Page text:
In case you needed another way to spend your free time, here’s one interesting way: live purchasing. The Zappos.com website has a Real-Time Order Map that it dubbed Mappos, which allows you to see what individuals (kept anonymous of course) are ordering in real time all over the country. You gaze at a map of the U.S. as images of merchandise, pointing to an originating city, pop up on the screen for several seconds before winking out. If you feel so inclined, you can even vote thumbs up/down on the merchandise that was purchased, though Zappos doesn’t detail how that feedback is used. Not only is Mappos addictive to watch, but it arguably exemplifies the oldest selling ploy in the book, aka, “Everyone’s doing it.” They are not the only company to have employed technology to track live purchasing. In an excellent Vogue article from the June 2010 issue called “High Clicks,” Sarah Mower interviewed Natalie Massenet, the founder of swanky luxury clothing etailer Net-a-Porter, a company which also tracked live purchasing behind the scenes, and presumably still does today. Mower had the following to say about Net-a-Porter's live purchasing system:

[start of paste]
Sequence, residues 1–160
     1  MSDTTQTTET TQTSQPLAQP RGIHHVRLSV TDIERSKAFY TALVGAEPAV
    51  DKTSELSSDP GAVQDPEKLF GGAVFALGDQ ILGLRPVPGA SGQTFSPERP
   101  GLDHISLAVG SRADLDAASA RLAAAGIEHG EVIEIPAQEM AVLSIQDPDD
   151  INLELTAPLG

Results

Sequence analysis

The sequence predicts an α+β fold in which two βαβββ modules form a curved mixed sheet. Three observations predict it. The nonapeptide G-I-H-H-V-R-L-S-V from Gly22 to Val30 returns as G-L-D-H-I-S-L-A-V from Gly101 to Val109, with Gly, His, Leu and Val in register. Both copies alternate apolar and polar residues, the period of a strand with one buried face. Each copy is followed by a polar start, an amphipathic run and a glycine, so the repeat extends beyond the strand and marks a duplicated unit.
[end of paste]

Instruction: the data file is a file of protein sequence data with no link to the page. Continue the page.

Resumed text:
“…The whole office is wired for sound and video. Everyone in the company here, in New York, and the distribution centers can see what's selling, when, where, what the turnover is. Go look at the screens. They're mesmerizing.
Positioned in the sight lines of every desk, they display a visual of Google Earth, and every time someone makes a purchase, a Net-a-Porter bag pops up on the location. On the screen above, the shopper's order is pictured, along with how much she spent, where she lives, and a running tally of the day's takings. It's 11:00 A.M. London time now, and someone in Yekaterinburg, Russia, is buying towering $1,200 Fendi shoes. In NYC where it's 6:00 A.M. a woman drops $3,600 on Isabel Marant. A pair of $1,290 Bottega Veneta sandals is being ordered up in Athens (though the country's nearly bankrupt); a plunging, multicolored $600 Melissa Odabash swimsuit is going to soccer-wife country in Altrincham, Manchester.”
Needless to say, it seems that live purchasing could serve multiple functions, acting also as an ongoing morale-booster for employees who sell and process merchandise. It will be interesting to see the extent to which this trend catches on and evolves in the future.